Literary depictions of the sacred and the secular from the Middle Ages are representative of the era's widely held cultural understandings related to religion and the nature of lived experience. Using late Medieval English literature, including some of Chaucer's writings, these essays do not try to define a secular realm distinct and separate from the divine or religious, but instead analyze intersections of the sacred and the profane, suggesting that these two categories are mutually constitutive rather than antithetical. With essays by former students of John V. Fleming, the collection pays tribute to the Princeton University professor emeritus through wide-ranging scholarship and literary criticism. Including reflections on depictions of Bathsheba, Troilus and Criseyde, the Legend of Good Women, Chaucer's Pardoner, and Margery Kempe, these essays focus on literature while ranging into history, philosophy, and the visual arts. Taken together, the work suggests that the domain of the sacred, as perceived in the Middle Ages, can variously be seen as having a hierarchical or a complementary relationship to the things of this world.Essays in Honour of John V. Fleming Robert William Epstein William Randolph Robins ... often draws on his own experience. the message of humility continues to underlie everything he says and at times is stated explicitly. ... instructions for speaking effectively to a live audience: the need to avoid extremes and to practice moderation. all of these features ... While he cites approvingly the model of St augustine, whose a#39;clothes were so moderate that they were neither very elegant noranbsp;...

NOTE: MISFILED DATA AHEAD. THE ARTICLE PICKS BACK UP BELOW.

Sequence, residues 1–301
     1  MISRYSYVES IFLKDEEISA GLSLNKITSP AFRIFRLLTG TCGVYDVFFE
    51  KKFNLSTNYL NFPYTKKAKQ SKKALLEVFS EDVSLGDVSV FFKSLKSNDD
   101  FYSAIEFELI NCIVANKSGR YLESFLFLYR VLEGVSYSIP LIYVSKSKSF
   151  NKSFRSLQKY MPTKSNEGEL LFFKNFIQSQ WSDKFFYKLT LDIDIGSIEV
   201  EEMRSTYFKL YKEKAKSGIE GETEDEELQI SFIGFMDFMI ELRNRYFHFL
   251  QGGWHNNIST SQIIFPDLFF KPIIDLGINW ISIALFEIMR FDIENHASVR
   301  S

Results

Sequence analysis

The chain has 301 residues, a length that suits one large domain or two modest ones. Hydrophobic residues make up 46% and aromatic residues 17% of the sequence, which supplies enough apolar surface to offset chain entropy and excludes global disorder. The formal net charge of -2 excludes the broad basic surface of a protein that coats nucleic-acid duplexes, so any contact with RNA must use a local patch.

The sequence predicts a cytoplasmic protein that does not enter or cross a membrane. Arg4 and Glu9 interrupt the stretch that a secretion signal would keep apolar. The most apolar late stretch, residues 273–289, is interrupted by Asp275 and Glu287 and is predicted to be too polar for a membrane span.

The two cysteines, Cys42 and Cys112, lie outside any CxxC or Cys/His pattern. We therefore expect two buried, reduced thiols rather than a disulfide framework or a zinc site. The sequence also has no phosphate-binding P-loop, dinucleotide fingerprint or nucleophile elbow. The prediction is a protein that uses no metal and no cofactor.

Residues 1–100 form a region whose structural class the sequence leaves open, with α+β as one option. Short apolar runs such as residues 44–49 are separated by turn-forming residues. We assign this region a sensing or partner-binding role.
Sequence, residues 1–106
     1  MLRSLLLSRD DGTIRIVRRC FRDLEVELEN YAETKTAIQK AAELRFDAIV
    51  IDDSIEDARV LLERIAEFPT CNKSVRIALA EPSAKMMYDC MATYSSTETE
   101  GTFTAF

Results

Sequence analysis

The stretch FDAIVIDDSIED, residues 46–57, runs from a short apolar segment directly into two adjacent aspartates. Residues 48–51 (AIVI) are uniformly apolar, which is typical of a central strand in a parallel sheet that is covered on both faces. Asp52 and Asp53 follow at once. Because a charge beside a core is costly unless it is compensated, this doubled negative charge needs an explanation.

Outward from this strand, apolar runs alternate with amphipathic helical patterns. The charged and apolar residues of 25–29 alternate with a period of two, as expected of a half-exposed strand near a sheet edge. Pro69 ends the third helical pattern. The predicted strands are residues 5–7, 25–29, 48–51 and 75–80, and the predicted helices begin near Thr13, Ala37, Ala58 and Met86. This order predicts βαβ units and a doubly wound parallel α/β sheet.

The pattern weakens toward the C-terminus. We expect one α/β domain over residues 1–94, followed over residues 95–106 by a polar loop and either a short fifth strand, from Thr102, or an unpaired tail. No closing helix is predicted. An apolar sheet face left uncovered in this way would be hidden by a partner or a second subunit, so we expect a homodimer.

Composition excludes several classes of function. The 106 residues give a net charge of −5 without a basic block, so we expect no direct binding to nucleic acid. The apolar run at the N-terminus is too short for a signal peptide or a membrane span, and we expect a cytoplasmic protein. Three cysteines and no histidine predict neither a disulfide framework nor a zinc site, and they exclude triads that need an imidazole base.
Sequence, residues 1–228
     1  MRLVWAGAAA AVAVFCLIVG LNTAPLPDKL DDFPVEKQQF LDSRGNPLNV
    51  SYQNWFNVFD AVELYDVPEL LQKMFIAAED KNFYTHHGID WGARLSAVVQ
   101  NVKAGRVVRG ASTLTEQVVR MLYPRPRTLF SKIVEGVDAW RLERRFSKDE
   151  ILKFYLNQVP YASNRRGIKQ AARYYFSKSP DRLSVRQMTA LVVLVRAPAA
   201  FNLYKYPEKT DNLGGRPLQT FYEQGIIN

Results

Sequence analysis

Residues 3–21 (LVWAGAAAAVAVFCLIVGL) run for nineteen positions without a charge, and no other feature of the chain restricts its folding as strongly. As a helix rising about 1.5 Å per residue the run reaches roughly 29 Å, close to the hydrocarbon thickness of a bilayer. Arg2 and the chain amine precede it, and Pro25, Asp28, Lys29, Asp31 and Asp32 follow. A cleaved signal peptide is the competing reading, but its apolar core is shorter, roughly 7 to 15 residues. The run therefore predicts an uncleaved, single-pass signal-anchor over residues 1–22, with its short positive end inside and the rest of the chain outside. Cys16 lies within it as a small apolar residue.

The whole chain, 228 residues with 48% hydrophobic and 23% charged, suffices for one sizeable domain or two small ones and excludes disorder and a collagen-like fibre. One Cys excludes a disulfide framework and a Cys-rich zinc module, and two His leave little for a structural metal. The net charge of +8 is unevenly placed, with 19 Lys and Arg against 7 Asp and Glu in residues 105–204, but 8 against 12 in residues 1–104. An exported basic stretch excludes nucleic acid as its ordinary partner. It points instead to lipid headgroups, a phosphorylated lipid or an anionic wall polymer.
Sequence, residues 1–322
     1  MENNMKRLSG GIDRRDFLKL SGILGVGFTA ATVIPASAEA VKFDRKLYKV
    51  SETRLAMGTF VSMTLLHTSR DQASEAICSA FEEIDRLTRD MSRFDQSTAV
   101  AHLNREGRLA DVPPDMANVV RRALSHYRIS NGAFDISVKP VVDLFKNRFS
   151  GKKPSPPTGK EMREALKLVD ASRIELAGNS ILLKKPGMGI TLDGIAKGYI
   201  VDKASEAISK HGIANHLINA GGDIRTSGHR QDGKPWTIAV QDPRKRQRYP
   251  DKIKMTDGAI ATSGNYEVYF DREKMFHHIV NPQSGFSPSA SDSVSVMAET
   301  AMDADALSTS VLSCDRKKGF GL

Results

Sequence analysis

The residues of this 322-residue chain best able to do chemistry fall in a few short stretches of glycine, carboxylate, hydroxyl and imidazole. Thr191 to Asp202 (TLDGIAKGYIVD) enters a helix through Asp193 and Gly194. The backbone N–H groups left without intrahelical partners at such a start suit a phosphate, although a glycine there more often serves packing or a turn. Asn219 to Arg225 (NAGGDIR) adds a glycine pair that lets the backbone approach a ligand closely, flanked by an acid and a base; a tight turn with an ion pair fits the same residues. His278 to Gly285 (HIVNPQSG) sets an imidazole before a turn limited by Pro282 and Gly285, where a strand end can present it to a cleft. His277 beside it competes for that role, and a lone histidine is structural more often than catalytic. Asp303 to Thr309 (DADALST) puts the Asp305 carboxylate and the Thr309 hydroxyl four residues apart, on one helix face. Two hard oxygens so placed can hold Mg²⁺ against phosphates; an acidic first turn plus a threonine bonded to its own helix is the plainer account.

|Title||:||Sacred and Profane in Chaucer and Late Medieval Literature|
|Author||:||Robert William Epstein|
|Publisher||:||University of Toronto Press - 2010|